www.nettime.org
Nettime mailing list archives

Re: <nettime> Galloway: 10 Theses on the Digital
Nicholas Knouf on Tue, 24 Apr 2012 22:18:47 +0200 (CEST)


[Date Prev] [Date Next] [Thread Prev] [Thread Next] [Date Index] [Thread Index]

Re: <nettime> Galloway: 10 Theses on the Digital


-----BEGIN PGP SIGNED MESSAGE-----
Hash: SHA1

Pace Morlock, it's utter BS to cite a modeling paper as "proof" that
information is stored in some sort of discrete form in the brain.  If
you read the article, you'll see it's based entirely on _modeling_.
No experiments were done.  It's a _suggestion_, nothing more, a
_supposition_, a potential outline for a series of experiments that
might take years even if they were to be carried.  And even then,
you'll still have the absolutely wicked problem of connecting changes
on the cellular level to higher-level qualia.  Not to mention the fact
that long-term potentiation (the general phenomenon being discussed in
the paper) is still extremely difficult to pin-down and has been an
area of active research for decades.

Defining brain mechanisms in terms of computational metaphors is also
extremely problematic.  Mechanisms that we once thought were
absolutely "digital" (like action potentials) have been shown to be
much less "sharp" in their activity.  It's mighty strange that we
(both Morlock and the authors of the paper together) still are drawing
from the language of "bits" to describe memory capacity.  Everything
that I've learned about neuroscience suggests to me that any potential
measurement of "capacity" (if that even turns out to be the correct
term to use) is going to be eminently more complicated than binary logic.

As someone who spent some time in a research lab working on the very
mechanism under discussion in the paper (CaMKII signaling), a number
of years in a functional neuroimaging lab, and a sometimes-student of
science and technology studies, I find it extraordinarily frustrating
when "science" is used as a mechanism to shut down argument.  The
details in scientific papers matter, and some sort of familiarity with
the milieu of the practice is needed in order to evaluate them, both
on their own merits, as well as on their applicability to arguments in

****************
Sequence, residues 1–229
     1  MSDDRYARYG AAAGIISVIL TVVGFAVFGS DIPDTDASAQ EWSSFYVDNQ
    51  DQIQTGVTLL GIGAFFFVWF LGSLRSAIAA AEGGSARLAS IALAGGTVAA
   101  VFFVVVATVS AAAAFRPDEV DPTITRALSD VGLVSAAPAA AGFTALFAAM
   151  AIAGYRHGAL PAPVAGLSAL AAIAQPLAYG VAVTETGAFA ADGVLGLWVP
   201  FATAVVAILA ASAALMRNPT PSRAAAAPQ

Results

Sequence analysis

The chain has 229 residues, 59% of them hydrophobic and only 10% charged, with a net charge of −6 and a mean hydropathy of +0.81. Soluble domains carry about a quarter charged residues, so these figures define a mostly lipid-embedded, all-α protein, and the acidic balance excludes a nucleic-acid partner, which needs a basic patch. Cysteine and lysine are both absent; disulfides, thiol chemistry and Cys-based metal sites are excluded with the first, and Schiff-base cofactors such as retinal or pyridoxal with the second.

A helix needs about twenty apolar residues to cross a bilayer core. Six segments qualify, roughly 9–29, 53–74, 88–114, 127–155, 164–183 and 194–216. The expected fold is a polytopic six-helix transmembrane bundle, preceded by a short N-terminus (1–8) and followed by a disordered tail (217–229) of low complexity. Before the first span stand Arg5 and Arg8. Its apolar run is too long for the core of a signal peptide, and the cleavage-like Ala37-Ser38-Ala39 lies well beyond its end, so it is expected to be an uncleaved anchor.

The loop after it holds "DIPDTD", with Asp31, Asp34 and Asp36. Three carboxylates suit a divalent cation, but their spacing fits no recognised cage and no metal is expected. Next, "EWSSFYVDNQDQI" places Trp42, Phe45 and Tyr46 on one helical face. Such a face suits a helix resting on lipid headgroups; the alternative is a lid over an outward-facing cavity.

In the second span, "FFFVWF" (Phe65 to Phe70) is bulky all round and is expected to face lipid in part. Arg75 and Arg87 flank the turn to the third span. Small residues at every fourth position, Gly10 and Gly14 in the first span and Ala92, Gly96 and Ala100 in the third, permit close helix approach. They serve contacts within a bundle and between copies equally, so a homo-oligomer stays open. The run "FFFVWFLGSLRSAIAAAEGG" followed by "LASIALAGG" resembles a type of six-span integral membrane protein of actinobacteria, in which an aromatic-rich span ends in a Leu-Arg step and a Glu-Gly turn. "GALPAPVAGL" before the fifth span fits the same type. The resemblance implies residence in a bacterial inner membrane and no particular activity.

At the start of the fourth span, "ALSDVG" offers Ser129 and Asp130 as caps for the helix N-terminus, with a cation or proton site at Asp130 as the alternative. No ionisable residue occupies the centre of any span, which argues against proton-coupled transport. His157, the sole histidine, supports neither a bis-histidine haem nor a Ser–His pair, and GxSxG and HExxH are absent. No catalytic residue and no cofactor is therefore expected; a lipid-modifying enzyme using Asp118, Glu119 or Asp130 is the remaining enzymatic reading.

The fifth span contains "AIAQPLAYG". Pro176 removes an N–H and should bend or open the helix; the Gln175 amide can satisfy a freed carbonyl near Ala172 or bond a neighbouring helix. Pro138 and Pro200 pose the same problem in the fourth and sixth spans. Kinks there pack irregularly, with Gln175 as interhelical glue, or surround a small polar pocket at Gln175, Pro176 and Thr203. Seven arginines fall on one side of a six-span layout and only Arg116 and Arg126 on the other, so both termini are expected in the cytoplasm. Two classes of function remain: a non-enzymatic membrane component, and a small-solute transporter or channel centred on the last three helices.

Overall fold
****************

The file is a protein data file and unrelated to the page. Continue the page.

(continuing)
other domains.  We shouldn't let our critical guards down whenever
we're faced with a scientific paper.

Best,

nick



On 04/23/2012 05:18 PM, Morlock Elloi wrote:
> This is utter BS.
> 
> Information in the brain is stored in the discrete form, most
> likely in 6-bit words:
> 
> http://www.ploscompbiol.org/article/info:doi/10.1371/journal.pcbi.1002421
>
>  and is processed in a very discrete manner.
> 
> Equating information processing modes with
> semantics/politics/philosophy is as dumb as claiming that the city
> of Frankfurt is the cause of a certain strain of Marxism.
> 
> 
> --- On Mon, 4/23/12, Geert Lovink <geert {AT} xs4all.nl> wrote:
> 
>> From: Geert Lovink <geert {AT} xs4all.nl> Subject: Re: <nettime>
>> Galloway: 10 Theses on the Digital To: nettime-l {AT} kein.org Date:
>> Monday, April 23, 2012, 12:27 PM
>> 
>> Jean-Luc Godard Director: "The so-called "digital" is not a mere
>> technical medium, but a medium of thought. And when modern
>> democracies turn technical thought into a separate domain, those
>> modern democracies incline towards totalitarianism."
> <...>
> 
> 
> #  distributed via <nettime>: no commercial use without permission 
> #  <nettime>  is a moderated mailing list for net criticism, #
> collaborative text filtering and cultural politics of the nets #
> more info: http://mx.kein.org/mailman/listinfo/nettime-l #
> archive: http://www.nettime.org contact: nettime {AT} kein.org

-----BEGIN PGP SIGNATURE-----
Version: GnuPG v1.4.11 (GNU/Linux)
Comment: Using GnuPG with Mozilla - http://enigmail.mozdev.org/

iEYEARECAAYFAk+W1TkACgkQoHDFiKQ8nMmeugCbBpg68PncjS+cTHFI7ZljJ5Pj
CuAAn0fUDI8OJN/upbNazyMz900X/IGg
=M5nB
-----END PGP SIGNATURE-----


#  distributed via <nettime>: no commercial use without permission
#  <nettime>  is a moderated mailing list for net criticism,
#  collaborative text filtering and cultural politics of the nets
#  more info: http://mx.kein.org/mailman/listinfo/nettime-l
#  archive: http://www.nettime.org contact: nettime {AT} kein.org